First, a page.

When you get married or you commit to a life together, it’s hard to consider the prospect of it failing or coming to an end. However, failing to take the necessary precautions, such as signing a prenup, or prenuptial agreement, to protect yourself financially can be a costly mistake.

You may not see the benefit in a prenup when you are in love, but it really does makes perfect sense. What better time is there to decide on how assets and property are split than when both parties still have the upmost respect for each other. Not only can it lead to a more reasonable settlement, it can also remove any uncertainty that each party may have should the marriage come to an end, leaving you both free to move forward with your lives. It can also save you money on costly legal advice in the long-run.

Whilst you may not be walking down the aisle or having a legal ceremony, when a de facto relationship comes to an end there are certain rights and responsibilities that apply, much like in a marriage. So, it’s worth speaking with a family lawyer to work out how the relationship could impact your financial future.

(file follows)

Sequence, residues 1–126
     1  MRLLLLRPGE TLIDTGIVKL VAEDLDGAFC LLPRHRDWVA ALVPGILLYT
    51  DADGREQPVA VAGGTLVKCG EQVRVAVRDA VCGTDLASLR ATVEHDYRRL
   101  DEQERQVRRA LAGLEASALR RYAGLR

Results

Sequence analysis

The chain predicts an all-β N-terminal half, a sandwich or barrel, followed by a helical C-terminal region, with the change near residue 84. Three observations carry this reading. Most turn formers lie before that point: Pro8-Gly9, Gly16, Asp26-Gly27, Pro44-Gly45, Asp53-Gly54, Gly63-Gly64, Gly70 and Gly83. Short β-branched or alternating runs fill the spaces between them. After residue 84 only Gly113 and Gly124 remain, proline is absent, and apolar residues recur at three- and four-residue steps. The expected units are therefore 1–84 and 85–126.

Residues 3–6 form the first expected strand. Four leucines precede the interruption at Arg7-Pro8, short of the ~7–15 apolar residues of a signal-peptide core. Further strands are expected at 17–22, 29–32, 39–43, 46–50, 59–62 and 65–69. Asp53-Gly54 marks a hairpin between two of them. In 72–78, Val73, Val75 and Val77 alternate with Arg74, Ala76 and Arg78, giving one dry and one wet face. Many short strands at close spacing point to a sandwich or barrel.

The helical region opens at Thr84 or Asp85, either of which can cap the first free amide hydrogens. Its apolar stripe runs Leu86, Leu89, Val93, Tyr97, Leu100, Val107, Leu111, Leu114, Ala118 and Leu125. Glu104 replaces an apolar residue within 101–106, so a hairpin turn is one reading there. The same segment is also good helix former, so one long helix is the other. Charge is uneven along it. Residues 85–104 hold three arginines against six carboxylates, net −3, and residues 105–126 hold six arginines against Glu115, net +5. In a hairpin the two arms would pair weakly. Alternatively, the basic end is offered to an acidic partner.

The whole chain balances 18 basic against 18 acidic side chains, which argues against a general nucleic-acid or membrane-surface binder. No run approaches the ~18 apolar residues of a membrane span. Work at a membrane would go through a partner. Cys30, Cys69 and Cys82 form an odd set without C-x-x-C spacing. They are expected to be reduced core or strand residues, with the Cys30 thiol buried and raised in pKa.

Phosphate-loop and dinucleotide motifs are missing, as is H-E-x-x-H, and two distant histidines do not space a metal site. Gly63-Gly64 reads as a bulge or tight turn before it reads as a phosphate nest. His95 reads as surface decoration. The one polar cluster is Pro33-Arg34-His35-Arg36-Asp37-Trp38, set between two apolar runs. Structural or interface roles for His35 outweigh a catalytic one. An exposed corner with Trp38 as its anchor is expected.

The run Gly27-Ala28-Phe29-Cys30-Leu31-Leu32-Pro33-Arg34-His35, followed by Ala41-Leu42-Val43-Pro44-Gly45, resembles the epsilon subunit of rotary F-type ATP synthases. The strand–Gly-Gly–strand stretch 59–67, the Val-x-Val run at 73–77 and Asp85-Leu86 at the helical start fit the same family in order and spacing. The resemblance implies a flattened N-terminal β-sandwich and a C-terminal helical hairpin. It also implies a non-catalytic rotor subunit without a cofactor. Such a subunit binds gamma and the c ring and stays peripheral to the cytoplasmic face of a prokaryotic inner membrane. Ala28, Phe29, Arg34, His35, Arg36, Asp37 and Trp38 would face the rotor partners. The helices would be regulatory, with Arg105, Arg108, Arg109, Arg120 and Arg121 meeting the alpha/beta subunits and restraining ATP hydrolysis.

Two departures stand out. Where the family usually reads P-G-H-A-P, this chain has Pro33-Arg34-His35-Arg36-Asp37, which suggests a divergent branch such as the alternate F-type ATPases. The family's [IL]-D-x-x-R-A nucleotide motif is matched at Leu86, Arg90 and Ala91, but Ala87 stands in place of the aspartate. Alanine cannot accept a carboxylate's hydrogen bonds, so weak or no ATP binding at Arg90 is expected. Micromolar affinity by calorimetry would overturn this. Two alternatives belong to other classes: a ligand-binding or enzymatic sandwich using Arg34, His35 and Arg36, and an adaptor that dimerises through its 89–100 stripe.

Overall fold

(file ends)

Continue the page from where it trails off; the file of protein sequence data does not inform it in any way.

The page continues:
What is a prenup or prenuptial agreement?

A prenup, or prenuptial agreement lays out the assets and liabilities each party has when they enter the relationship or marriage, and works out how assets and property will be divided should the relationship end. It’s important to note that children cannot be included in a prenuptial agreement.

A prenup can help give clarity around the division of the following, but not limited to;

  • Money
  • Property
  • Business
  • Trusts
  • Superannuation and pensions
  • Debts and liabilities

Whilst there is are strict guidelines to adhere to when entering a prenup to ensure its validity, once complete, it can give both parties peace of mind that their finances and affairs are in order should the relationship come to an end.

Steps you must take to ensure the validity of your prenup;
  • Each party to the relationship must seek independent legal advice from a qualified Australian lawyer
  • A prenup must be in writing
  • Each party must enter the agreement willingly
  • Each party must disclose all assets and liabilities they have when entering the agreement
  • When the prenup is signed, it must be in the presence of an Australian lawyer

Whilst a prenup does not seem like the most romantic gesture, it does seem to be the most sensible. A prenup does not write the beginning of the end, but rather it helps all parties work towards securing their financial future. By signing a prenup, it can save heartache, time and additional legal fees in the long-run.

By talking to the family lawyers at Bruce Legal you can be in control of your financial future no matter what happens.